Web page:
Mozilla, the company behind the highly popular internet browser Firefox, recently started accepting bitcoins through Coinbase toward the Mozilla Foundation. The foundation and initiative look to help protect the open web, collecting donations for their cause.
It’s an interesting time to be witnessing the browser competition. While Google is taking a stance and working to bring internet connections to the entire world through balloons, Mozilla is working toward internet privacy and open technology. Each company maintains increasingly popular browsers but take it a step further for their customer base by fighting on their side.
On Mozilla’s website, they display their goal for the initiative and what their stance is on the use of the internet.
“Our mission is to promote openness, innovation & opportunity on the Web. At Mozilla, we’re a global community of technologists, thinkers and builders working together to keep the Internet alive and accessible, so people worldwide can be informed contributors and creators of the Web. We believe this act of human collaboration across an open platform is essential to individual growth and our collective future.”
Along with their mission, Mozilla also works off a manifesto outlining ten principles they hold close when taking their stance in the fight for an open internet. The manifesto states that they believe the internet is a global public resource that must remain open and accessible and that the internet much enrich the lives of individual human beings. Along with those two points, Mozilla believes that individuals must have the ability to shape the internet and their experiences involving the internet.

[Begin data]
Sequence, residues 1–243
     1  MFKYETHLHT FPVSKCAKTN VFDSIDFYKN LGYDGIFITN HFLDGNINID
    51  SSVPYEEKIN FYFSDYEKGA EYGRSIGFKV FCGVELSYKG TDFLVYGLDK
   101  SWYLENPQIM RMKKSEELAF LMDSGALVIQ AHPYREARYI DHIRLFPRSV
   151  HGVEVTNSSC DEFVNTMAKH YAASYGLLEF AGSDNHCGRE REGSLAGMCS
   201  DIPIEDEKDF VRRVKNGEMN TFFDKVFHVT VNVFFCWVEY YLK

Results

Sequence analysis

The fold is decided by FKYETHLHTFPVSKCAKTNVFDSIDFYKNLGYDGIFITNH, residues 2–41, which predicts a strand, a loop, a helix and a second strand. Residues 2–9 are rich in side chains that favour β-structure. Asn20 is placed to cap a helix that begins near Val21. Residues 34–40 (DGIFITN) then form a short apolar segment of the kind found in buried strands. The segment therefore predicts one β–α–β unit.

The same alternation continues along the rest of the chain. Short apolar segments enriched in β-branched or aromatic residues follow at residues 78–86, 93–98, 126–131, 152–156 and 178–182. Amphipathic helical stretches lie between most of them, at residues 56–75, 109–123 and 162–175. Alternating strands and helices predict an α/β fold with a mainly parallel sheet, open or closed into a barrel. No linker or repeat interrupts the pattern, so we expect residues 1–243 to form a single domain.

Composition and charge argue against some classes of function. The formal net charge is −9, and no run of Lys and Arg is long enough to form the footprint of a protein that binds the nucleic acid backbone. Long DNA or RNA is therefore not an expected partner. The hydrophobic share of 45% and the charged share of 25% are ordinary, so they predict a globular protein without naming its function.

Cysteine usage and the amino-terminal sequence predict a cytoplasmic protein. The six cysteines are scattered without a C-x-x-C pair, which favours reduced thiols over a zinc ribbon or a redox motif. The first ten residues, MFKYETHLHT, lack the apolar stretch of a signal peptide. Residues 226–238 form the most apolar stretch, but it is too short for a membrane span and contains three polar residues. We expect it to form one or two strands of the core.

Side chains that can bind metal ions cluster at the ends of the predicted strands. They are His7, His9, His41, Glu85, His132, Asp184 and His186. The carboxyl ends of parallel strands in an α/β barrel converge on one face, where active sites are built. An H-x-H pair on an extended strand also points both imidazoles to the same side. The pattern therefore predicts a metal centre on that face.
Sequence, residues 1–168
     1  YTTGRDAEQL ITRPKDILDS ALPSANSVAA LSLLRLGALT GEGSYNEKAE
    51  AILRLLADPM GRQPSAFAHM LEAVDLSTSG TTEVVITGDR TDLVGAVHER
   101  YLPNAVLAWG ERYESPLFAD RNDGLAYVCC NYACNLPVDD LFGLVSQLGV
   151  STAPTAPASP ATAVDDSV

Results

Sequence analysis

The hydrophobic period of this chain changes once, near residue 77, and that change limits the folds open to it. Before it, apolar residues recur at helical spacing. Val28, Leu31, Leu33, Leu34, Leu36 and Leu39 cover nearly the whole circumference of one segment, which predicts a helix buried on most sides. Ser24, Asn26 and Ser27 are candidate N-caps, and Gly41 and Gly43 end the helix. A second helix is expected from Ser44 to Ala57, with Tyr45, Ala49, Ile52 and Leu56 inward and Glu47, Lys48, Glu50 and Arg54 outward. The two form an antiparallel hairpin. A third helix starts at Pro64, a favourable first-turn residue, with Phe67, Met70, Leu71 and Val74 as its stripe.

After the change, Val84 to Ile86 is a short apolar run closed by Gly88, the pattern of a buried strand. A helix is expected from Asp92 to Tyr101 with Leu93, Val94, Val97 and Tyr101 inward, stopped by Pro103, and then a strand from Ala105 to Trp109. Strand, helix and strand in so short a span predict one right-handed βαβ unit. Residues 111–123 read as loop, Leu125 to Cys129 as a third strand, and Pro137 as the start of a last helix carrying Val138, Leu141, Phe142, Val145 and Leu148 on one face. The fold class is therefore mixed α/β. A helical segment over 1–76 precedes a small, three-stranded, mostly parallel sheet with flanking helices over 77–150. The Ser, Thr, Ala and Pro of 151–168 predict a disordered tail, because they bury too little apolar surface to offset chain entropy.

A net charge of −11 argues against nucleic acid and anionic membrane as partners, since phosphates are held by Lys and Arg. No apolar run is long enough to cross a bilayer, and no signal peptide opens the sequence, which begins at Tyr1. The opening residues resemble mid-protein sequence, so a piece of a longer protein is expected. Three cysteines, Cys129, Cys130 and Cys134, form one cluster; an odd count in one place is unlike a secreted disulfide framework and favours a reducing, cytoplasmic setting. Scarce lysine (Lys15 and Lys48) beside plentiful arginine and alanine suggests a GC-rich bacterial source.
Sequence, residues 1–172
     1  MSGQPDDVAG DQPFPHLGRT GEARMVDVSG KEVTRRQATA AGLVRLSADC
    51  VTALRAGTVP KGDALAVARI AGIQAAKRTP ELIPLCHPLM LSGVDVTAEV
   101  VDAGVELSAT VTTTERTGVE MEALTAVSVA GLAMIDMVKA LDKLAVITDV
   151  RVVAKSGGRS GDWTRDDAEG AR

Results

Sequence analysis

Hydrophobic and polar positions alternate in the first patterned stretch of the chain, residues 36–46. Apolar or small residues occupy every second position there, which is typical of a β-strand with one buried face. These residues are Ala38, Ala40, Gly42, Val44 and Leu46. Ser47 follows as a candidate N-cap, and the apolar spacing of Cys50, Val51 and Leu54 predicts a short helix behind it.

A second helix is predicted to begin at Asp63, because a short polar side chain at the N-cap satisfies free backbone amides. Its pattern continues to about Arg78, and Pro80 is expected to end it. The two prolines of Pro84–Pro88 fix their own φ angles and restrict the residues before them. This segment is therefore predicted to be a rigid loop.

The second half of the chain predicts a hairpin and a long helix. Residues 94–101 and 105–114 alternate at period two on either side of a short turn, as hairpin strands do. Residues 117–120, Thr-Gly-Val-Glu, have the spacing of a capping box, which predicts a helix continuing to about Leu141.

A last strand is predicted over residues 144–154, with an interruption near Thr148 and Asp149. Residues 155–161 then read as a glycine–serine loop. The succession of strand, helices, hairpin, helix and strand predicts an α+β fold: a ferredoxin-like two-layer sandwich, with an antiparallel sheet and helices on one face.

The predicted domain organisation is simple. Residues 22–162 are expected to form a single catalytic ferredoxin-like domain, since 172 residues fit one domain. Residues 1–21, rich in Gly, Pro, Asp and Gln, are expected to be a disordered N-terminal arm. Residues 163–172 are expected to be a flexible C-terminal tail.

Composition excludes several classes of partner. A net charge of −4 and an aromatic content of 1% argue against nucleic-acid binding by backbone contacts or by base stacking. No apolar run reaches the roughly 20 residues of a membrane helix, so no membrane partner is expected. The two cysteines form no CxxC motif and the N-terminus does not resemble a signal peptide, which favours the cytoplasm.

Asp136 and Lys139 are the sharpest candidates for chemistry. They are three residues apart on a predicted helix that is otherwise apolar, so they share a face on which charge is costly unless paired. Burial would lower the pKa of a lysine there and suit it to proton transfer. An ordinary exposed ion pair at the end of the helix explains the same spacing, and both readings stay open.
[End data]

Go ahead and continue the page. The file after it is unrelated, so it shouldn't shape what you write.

The Mozilla Foundation is a California non-profit corporation. All bitcoin donations that Mozilla receives are considered charitable contributions and are to be in a discretion for charitable purposes.
Mozilla Firefox Internet Browser Taking a Hard Stance on Internet Privacy
While Mozilla believes the internet should be open, that doesn’t mean its users should be subject to prying eyes. Earlier this week, Mozilla announced that they partnered with the Tor Project and the Center for Democracy & Technology. They three teamed up to work on a new initiative in internet privacy called Polaris, also known as the name of the North Star.
“Polaris is designed to allow us to collaborate more effectively, more explicitly and more directly to bring more privacy features into our products. We want to accelerate pragmatic and user-focused advances in privacy technology for the Web, giving users more control, awareness and protection in their Web experiences. We want to advance the state of the art in privacy features, with a specific focus on bringing them to more mainstream audiences.”
Polaris splits into two different experiments, the first being an evaluation of the Tor Project, a controversial project seeking to make internet anonymity the standard. Mozilla plans to host their own Tor middle relays to enable the Tor Project to expand their reach and build on their infrastructure.
The second experiment seeks to understand how Mozilla can offer a feature to customers that protect those that want it from invasive tracking.
At the same time, Mozilla does not want to penalize advertisers. As it states in their manifesto, Mozilla believes commercial involvement in the develop of the internet brings benefits, but that a balance between commercial profit and public benefit is critical.
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Images from Shutterstock and Mozilla.